Kalanick’s Out & Online Activism Recenters on Corporations
Travis Kalanick is out at Uber, and Farhad Manjoo ties it to the interplay between social media, brand identity and social/political activism. A great read:
But the effects of these campaigns go beyond business. In a nation where politics have grown pitched and sclerotic…www.nytimes.com
Four things I’m thinking about:
- A forward CEO brand can poison a company or inoculate it. Kalanick was a negative brand for Uber, taking the focus off of what what makes Uber useful — its convenience. Contrast this with a guy like Mark Zuckerberg whose company apologizes every week for something detestable Facebook let happen, but is out there talking about connecting the world and having photoshoots with normal people.
- Companies have more power than Farhad lets on. Manjoo says there’s been a major loss of power for companies now that social media has become paramount to TV advertising. The power’s not totally in the public’s hands, though, the levers have just shifted. Advertising isn’t a panacea anymore, but celebrity has become more effective. Kalanick is a negative example that shows how companies can regain the traditional marketing power that’s been lost by cultivating and controlling celebrity in CEOs and executives.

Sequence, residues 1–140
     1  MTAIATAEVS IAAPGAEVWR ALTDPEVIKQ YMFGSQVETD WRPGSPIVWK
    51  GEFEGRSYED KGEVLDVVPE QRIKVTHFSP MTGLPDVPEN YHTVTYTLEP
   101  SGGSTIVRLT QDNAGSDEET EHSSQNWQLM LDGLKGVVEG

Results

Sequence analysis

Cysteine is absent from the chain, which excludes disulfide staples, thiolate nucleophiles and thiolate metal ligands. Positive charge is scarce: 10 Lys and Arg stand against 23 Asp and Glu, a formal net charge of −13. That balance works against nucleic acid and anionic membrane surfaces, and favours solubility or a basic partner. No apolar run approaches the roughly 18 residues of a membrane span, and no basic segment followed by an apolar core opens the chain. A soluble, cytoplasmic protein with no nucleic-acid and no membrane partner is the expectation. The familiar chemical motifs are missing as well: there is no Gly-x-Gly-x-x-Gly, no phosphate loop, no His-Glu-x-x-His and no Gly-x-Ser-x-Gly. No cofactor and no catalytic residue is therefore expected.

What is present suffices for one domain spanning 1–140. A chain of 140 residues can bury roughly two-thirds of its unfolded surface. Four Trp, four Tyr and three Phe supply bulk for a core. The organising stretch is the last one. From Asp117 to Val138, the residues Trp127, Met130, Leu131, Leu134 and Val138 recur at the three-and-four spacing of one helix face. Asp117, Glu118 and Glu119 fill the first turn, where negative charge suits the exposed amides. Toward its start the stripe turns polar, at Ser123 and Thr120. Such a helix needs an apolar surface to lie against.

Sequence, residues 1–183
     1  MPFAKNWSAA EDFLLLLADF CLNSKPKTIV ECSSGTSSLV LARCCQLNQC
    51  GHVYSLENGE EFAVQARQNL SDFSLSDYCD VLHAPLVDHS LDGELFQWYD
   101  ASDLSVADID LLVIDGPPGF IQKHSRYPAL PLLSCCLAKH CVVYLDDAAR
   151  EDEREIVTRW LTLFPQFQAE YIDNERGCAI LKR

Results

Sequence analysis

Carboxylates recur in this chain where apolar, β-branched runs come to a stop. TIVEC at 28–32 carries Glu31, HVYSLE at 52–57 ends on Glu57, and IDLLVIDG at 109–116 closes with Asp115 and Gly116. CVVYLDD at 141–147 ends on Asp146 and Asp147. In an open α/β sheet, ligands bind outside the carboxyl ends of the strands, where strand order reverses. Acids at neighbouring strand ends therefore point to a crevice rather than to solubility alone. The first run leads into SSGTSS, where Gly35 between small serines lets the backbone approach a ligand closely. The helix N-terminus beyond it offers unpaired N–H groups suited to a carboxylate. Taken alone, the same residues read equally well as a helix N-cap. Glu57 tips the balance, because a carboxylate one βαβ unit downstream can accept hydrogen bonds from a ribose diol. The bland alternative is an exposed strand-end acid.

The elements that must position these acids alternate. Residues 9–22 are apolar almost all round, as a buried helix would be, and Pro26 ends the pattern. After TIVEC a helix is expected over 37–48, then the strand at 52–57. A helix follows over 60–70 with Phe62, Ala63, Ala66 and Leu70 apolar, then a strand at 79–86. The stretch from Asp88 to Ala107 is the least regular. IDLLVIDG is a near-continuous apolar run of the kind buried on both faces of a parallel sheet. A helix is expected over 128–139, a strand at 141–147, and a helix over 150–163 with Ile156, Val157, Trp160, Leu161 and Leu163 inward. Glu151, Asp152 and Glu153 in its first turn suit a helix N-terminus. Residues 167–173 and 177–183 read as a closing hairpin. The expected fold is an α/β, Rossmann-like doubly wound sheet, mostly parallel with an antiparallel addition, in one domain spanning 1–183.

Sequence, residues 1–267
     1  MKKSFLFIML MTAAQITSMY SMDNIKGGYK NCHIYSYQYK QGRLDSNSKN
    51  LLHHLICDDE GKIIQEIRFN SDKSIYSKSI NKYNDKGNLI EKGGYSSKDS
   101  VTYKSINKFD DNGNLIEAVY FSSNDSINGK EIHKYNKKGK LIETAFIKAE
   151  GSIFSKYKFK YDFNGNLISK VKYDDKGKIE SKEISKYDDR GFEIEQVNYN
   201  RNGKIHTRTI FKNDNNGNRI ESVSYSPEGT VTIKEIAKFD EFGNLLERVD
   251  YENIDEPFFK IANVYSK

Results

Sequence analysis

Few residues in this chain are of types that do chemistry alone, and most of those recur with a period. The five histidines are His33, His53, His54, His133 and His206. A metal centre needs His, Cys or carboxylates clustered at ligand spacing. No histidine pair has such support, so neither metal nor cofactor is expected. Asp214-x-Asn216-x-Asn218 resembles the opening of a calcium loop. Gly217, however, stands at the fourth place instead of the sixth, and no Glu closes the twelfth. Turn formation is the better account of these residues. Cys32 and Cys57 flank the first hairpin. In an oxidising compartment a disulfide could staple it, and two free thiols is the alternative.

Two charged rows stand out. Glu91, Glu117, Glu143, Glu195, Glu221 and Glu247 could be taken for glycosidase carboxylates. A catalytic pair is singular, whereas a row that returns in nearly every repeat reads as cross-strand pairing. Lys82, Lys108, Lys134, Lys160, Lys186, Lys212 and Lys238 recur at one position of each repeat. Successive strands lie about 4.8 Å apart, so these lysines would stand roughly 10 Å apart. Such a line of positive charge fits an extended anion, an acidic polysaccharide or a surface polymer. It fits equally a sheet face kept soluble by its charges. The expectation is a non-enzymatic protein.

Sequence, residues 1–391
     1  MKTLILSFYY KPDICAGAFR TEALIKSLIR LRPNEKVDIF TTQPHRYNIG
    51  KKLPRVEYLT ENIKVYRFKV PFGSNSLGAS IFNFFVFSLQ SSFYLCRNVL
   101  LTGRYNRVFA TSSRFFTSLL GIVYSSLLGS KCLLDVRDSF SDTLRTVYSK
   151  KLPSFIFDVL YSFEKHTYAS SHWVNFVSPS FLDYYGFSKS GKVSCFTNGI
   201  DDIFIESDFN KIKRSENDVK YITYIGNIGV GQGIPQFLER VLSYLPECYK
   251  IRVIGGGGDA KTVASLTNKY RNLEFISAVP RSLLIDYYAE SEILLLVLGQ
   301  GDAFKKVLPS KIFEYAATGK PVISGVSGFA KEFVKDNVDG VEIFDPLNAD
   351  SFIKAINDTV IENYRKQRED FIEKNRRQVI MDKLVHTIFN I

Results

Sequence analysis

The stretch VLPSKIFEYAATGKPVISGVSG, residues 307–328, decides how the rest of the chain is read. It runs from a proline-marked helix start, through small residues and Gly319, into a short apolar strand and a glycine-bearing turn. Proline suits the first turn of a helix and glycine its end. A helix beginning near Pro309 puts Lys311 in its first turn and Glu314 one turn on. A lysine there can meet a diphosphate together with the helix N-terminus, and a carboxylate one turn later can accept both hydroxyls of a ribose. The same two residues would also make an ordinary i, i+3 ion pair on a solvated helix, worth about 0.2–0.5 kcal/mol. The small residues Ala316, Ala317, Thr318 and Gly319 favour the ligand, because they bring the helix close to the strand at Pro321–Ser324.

- Important takeaway:
In a nation where politics have grown pitched and sclerotic, fighting brands online suddenly feels like the most effective political action many of us can take. Posting a hashtag — #deleteUber, for instance, or #grabyourwallet — and threatening to back it up by withholding dollars can bring about a much quicker, more visible change in the world than, say, calling your representative.
I like this lens and it rings true. As company brands become more accessible and politics more sclerotic, people are adapting to affect more change through corporate pressure. Or what ‘feels like’ change.
4. Sclerotic means rigid and unresponsive, I just learned.